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Concern Debates: In the words of the experts
On the eve of the 33rd annual Concern Debates final, two veterans of the competition share their inside views and experiences.
It was about this time last year that Jennifer Gillen and Claire Williams from St. Joseph’s Secondary School in Lucan, Co. Dublin, were passionately researching and refining their arguments to debate the motion “To defeat terrorism the world must end poverty”. A dense and heavy topic for two students who were also preparing to sit their Leaving Certificate exams. Not that they were put off…
Enthusiasm and commitment
Jennifer tells us: "Our absolute dedication to the debates was, I would imagine, annoying to our school’s younger debaters who were all too eager to step in. Since we've left the school, they have taken over with equal enthusiasm and commitment!"
Anyone thinking back to those final frantic weeks before sitting their Leaving Cert might find themselves agog at the idea of simultaneously preparing to take to such a big stage (The Helix theatre in DCU) to deliver impassioned, meticulously researched and carefully constructed arguments on the major global issues of the day. So what drove Jennifer and Claire’s commitment?
Claire recalls: “What I remember feeling most clearly was a sense of disbelief and pride in myself and my team. It was absolutely overwhelming trying to take in the fact that myself and three of my closest friends since first year were about to compete in the national final of one of the most renowned debate competitions in the country!" She adds:
Our teachers, friends, classmates, family (and in my case even some neighbours) were about to watch the culmination of all of our years of hard work, time, effort and sheer passion."
The extra-curricular activity that keeps on giving
The debates competition runs the entire length of a school year. It takes passion, energy and commitment. But according to our experts, it pays you back in spades.
The Concern Debates provided me with what the mainstream curriculum did not, the freedom to research current issues, to sift through the pages of Google results, find an angle I was passionate about and express myself on that issue through the forum of the debates."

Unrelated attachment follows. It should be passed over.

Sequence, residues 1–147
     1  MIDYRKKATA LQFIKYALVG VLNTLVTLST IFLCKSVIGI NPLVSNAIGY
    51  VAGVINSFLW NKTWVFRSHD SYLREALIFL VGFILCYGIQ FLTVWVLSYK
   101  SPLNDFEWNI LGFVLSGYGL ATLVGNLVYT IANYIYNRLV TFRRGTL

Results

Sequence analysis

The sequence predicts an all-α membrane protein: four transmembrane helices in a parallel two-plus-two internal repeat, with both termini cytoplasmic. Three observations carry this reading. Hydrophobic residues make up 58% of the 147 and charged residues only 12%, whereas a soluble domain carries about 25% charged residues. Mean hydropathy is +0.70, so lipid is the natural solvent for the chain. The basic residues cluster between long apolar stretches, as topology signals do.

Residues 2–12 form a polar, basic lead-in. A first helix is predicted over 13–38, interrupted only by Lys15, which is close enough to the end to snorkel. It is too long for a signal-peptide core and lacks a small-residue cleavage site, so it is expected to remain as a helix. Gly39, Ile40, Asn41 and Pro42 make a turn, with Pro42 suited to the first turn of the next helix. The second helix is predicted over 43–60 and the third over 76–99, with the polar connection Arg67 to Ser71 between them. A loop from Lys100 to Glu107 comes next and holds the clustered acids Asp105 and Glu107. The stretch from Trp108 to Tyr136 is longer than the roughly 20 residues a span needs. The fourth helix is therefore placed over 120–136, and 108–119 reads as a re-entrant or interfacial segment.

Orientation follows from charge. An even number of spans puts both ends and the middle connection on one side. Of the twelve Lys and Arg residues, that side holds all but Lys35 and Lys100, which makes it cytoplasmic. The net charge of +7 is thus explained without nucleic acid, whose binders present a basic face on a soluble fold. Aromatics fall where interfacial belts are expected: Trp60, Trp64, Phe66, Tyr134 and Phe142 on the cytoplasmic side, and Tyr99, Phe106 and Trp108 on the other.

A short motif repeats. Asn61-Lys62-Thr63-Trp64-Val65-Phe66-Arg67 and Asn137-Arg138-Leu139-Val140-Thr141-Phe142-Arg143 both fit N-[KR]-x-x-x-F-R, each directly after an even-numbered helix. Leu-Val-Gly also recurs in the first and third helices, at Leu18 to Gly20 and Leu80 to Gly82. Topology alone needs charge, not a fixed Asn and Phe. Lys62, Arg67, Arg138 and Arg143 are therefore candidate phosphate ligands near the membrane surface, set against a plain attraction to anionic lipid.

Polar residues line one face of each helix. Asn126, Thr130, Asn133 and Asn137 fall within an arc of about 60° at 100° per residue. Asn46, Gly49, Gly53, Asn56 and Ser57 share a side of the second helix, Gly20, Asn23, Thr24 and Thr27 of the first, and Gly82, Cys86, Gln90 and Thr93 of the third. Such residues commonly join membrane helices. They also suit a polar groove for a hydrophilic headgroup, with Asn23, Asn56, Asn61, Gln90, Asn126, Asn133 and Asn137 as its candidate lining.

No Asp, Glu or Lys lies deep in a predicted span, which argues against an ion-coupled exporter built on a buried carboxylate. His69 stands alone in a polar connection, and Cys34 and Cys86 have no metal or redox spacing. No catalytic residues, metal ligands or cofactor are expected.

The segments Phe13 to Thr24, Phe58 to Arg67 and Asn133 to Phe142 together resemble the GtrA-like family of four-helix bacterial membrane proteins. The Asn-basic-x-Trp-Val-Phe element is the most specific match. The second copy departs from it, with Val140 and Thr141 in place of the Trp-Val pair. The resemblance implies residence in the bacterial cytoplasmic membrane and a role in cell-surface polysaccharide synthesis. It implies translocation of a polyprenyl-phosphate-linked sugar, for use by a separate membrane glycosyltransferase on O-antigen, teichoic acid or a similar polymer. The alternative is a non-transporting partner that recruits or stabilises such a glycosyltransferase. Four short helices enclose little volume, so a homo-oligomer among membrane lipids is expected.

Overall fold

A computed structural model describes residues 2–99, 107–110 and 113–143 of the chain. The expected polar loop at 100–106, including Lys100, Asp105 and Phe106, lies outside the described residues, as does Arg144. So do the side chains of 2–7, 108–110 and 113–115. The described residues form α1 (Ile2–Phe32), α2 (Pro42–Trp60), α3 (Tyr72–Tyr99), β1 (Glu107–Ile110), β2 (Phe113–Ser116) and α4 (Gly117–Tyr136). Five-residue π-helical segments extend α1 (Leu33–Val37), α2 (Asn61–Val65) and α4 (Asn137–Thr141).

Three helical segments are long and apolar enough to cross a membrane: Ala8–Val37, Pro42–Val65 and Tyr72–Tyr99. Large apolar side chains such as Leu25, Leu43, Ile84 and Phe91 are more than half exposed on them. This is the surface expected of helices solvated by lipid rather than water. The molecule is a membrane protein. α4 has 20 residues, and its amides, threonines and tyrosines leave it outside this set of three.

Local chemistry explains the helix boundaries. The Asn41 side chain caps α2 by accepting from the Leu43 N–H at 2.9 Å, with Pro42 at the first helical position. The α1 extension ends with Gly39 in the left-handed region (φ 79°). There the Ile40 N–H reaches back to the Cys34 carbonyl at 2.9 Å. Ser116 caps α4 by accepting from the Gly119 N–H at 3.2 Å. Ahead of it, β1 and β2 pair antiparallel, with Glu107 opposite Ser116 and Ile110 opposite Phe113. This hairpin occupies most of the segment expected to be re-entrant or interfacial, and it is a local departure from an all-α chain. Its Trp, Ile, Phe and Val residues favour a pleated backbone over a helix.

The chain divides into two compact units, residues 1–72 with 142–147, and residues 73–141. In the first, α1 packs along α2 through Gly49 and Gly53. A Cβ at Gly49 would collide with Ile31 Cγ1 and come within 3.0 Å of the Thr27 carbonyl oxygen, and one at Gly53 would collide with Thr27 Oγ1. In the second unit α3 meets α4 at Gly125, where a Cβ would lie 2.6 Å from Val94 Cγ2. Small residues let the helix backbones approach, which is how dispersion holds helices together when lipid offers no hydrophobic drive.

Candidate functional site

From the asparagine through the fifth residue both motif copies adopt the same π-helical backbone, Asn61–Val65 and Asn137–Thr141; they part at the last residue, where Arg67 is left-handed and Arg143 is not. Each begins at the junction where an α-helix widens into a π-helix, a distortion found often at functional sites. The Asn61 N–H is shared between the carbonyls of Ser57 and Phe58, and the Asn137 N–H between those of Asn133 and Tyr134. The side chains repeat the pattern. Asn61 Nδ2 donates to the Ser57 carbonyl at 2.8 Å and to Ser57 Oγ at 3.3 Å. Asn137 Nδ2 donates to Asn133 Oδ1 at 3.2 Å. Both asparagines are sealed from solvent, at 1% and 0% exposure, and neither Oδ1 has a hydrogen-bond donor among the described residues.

Tackling inequality and injustice
Concern Debates focuses on global issues of development, equality and justice - something which Jennifer and Claire really valued.
Claire remembers how it changed her way of thinking: “There’s really nothing else like it. I learned that every issue deserves to be examined from both sides, that debating isn’t an exclusive 'academics only' activity. It’s actually something anyone can and should try their hand at. It can only be improved by diversity. I also learned that everyone deserves a voice. I appreciate how clichéd an expression that is, but for me it means that anyone willing to engage in the discussion and the fight for equality and development deserves their opinions to be heard, and debating is the best platform I can think of to give young people the ability to do that.”
Every voice counts
The competition not only offered Claire and Jennifer the opportunity to develop their own voices but also to hear the voices of their peers, something which has resonated deeply with them. It may just have shaped their futures.
Claire says:“After my five years of debating and our wonderful trip with Concern to Belgium and the Hague, dropping in on places like the European Union, Hivos and Humanity House, I came upon a very important realisation. I realised how privileged I was to be in a position where I was a young person, with an education, the skills of public speaking and research, and a relatively broad knowledge of global issues for my age. Following my experiences and this realisation, I decided to study law. I’ve just completed my first year of Law in Trinity College Dublin, remaining an active participant in college debating with the hopes of working as a human rights lawyer in the future.”
Now as I complete the first year of my degree in law with history, I feel that the debates were perhaps the most influential aspect of my secondary education."
Hope for the future
Tomorrow, 4 May, eight more bright young minds will take to the stage in The Helix, DCU to debate the motion “The Trump presidency will be a blessing in disguise for Africa”. Like Claire and Jennifer before them, and countless others who have enrolled in the Concern Debates competition, both teams have already given us great hope for the future, whatever the result.
Best of luck to Sacred Heart Secondary School, Clonakilty and St. Mary’s CBS Carlow. May the fourth be with you!
Follow Concern Debates finals 2017
Email our development education team to find out more about the Concern Debates.
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